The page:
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Climate Change, Melting Permafrost, and Disease

This blog has already noted a the feedback loop from melting permafrost, Methane Bubbles – A Feedback Loop. A recent BBC article, There Are Diseases Hidden In Ice And They Are Waking Up – Long-dormant bacteria and viruses, trapped in ice and permafrost for centuries, are reviving as Earth’s climate warms, is a well referenced article about the possible consequences of melting permafrost (picture from the article with caption: Bacteria have been found dormant in Antarctic ice (Credit: Colin Harris/Era Images/Alamy)).

“Permafrost is a very good preserver of microbes and viruses, because it is cold, there is no oxygen, and it is dark,” says evolutionary biologist Jean-Michel Claverie at Aix-Marseille University in France. “Pathogenic viruses that can infect humans or animals might be preserved in old permafrost layers, including some that have caused global epidemics in the past.”

If you are incorporating climate change issues in the classroom then the article provides for excellent classroom discussions with interesting science. The article concludes:

How much should we be concerned about all this?

One argument is that the risk from permafrost pathogens is inherently unknowable, so they should not overtly concern us. Instead, we should focus on more established threats from climate change. For instance, as Earth warms northern countries will become more susceptible to outbreaks of “southern” diseases like malaria, cholera and dengue fever, as these pathogens thrive at warmer temperatures.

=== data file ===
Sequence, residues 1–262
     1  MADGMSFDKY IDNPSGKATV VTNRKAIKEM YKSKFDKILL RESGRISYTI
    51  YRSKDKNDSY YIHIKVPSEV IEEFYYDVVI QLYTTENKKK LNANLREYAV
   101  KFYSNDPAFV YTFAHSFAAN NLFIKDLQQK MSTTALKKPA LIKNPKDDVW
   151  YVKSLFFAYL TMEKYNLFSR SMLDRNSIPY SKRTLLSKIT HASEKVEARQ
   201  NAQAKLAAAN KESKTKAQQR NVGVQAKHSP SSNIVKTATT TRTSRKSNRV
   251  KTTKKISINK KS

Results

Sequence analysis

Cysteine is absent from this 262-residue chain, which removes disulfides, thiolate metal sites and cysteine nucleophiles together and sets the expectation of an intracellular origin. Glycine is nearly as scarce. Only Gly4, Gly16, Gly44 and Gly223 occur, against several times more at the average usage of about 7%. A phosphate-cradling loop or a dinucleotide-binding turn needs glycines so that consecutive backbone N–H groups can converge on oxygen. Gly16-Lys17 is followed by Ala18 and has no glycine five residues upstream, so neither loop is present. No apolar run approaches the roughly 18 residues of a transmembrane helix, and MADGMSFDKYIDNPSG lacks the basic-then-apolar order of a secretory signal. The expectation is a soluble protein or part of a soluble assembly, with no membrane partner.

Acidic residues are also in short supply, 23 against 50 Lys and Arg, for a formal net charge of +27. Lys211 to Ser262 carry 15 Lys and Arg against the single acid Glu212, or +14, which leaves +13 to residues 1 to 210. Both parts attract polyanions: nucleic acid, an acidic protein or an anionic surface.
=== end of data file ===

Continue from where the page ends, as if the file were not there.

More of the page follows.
The alternative perspective is that we should not ignore risks just because we cannot quantify them.

“Following our work and that of others, there is now a non-zero probability that pathogenic microbes could be revived, and infect us,” says Claverie. “How likely that is is not known, but it’s a possibility. It could be bacteria that are curable with antibiotics, or resistant bacteria, or a virus. If the pathogen hasn’t been in contact with humans for a long time, then our immune system would not be prepared. So yes, that could be dangerous.”

It would be nice if these articles discussed the populations most at risk. It is often the case that those of lower socioeconomic status are more vulnerable.  Many issues related to climate change have both a social justice component, as well as an ethical question related to the fact that those that contribute little to climate change are often impacted disproportionately.

About Thomas J. Pfaff

Thomas J. Pfaff is a Professor of Mathematics at Ithaca College. He created this website because he believes that sustainability, ranging from climate change to social justice, should be included in all courses whenever possible.

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